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New Sharia-based constitution for Egypt approved

By Catholic Online (NEWS CONSORTIUM)
December 24th, 2012
Catholic Online (

The ruling Muslim Brotherhood party in Egypt has declared that the new Sharia-based constitution has been approved in a second round of voting. Egypt's main opposition party the National Salvation Front, or NSF has since leveled accusations of election fraud, saying it will appeal the referendum results and form a new party.

LOS ANGELES, CA (Catholic Online) - Approved by 64 percent of Egyptian voters in a "resounding victory," the preliminary tallies were calculated from reports by polling station officials.

NSF members allege that there were multiple instances of "fraud and violations" during the voting process. "The referendum is not the end of the road. It is only one battle," NSF's Abdel Ghaffer Shokr says.

According to Mohamed Abul-Ghar, the head of Egypt's Social Democratic party, the NSF will continue the struggle by joining forces and forming a new party on the basis of the National Salvation Front.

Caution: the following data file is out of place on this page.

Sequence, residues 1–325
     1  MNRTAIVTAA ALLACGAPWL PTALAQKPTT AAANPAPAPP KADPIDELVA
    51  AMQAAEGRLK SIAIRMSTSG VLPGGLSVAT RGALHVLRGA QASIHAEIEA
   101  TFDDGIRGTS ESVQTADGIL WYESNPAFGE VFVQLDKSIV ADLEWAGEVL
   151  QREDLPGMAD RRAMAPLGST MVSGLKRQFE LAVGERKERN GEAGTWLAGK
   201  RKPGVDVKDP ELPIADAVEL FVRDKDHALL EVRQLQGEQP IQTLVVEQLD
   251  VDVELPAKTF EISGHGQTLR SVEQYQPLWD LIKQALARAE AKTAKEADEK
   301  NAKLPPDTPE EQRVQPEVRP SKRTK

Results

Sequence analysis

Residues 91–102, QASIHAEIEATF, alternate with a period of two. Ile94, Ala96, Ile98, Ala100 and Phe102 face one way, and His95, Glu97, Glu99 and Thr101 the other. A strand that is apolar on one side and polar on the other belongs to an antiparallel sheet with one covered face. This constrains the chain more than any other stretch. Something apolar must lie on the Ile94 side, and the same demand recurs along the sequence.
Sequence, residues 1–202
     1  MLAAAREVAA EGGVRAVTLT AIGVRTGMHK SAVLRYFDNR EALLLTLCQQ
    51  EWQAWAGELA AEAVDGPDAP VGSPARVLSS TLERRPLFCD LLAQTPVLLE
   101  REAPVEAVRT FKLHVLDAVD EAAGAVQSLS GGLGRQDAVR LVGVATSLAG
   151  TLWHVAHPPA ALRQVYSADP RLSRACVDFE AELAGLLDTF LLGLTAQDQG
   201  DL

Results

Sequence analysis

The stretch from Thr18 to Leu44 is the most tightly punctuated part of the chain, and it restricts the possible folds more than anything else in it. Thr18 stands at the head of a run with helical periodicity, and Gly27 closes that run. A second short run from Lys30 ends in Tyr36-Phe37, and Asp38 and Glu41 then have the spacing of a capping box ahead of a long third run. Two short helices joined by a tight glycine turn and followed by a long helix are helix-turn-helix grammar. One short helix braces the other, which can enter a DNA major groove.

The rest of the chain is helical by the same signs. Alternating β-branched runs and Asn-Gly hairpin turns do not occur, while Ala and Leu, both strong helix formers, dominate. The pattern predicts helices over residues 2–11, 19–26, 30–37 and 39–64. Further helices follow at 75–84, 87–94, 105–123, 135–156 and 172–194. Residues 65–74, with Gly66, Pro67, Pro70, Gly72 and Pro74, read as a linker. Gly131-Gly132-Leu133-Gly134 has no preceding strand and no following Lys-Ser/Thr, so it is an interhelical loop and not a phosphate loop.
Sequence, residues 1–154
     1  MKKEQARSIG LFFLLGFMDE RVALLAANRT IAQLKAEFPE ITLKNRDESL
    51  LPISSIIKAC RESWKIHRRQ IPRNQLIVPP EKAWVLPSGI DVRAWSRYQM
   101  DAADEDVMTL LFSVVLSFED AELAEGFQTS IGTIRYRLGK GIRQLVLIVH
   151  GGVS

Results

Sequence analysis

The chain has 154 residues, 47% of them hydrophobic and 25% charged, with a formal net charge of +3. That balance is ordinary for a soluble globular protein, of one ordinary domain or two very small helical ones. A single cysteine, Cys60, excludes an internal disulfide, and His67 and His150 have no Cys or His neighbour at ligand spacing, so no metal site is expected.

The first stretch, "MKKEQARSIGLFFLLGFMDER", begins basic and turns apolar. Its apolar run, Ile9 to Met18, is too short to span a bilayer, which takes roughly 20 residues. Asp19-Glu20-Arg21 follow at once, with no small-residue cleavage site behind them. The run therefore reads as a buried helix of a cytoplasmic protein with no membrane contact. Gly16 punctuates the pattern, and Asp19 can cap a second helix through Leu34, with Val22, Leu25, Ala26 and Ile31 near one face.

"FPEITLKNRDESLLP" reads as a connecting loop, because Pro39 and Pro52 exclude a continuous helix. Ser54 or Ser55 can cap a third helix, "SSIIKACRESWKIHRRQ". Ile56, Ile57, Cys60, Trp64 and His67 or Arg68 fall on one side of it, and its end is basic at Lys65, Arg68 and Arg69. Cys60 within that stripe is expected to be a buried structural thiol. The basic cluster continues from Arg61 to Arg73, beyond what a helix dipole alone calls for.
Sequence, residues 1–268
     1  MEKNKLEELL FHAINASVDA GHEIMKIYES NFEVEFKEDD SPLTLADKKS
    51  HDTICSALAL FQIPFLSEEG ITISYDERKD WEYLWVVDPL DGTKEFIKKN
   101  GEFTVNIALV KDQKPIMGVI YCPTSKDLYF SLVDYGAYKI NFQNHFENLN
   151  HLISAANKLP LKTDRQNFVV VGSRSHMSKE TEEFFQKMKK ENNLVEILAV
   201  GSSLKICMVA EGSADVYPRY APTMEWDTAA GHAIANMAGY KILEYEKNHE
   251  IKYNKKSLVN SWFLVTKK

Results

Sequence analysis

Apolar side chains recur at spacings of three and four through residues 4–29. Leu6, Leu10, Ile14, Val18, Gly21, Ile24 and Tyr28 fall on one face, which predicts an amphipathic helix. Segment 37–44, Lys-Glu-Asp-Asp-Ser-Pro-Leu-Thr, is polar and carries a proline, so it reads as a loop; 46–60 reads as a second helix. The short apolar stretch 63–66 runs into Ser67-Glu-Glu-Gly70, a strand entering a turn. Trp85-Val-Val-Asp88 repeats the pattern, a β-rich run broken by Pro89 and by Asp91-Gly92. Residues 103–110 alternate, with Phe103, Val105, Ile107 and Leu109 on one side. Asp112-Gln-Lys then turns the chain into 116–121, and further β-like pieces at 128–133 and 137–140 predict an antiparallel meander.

The NSF has demanded that a proper investigation into election fraud allegations needs to be made.

"We stand firm with the idea that we are against any results being officially announced before the High Committee for Election to announce its final verdict on the evidence we have submitted of widespread rigging and corruption of the ballot boxes," Ahmed Hawary, a member of the opposition party al-Dostour says.

Hawary went on to describe some cases of Muslim Brotherhood supporters shutting of the power and closing polling stations where the electorate did not favor the new constitution.

"They've seen a number of instances of possible vote rigging, including unsupervised polling stations, missing ballot papers, stuffed ballot boxes," journalist Bel Trew says. There were also reports of Salafist groups at polling stations coercing people into voting "yes" on the new document.

The NSF remains fiercely opposed to the new constitution, which was authored up by the Islamist-dominated Constituent Assembly. Opposition activists argue that the charter, based on Sharia law, is an affront to the values of the revolution that toppled former President Hosni Mubarak last year. They also say that the new constitution marginalizes Egypt's social and religious minority groups.

In the meantime, the ruling Muslim Brotherhood party - the party with which new Egyptian President Mohamed Morsi belongs to -- maintains that the constitution is necessary for Egypt's transition to democracy and stability, and that the document's approval will allow parliamentary elections to take place in three months.

Prior to the election, Egyptian Vice President Mahmoud Mekki announced his resignation, saying that the "nature of politics" did not favor his professional background. There is speculation that his resignation is linked to the fact that there is no vice presidency under the new constitution.

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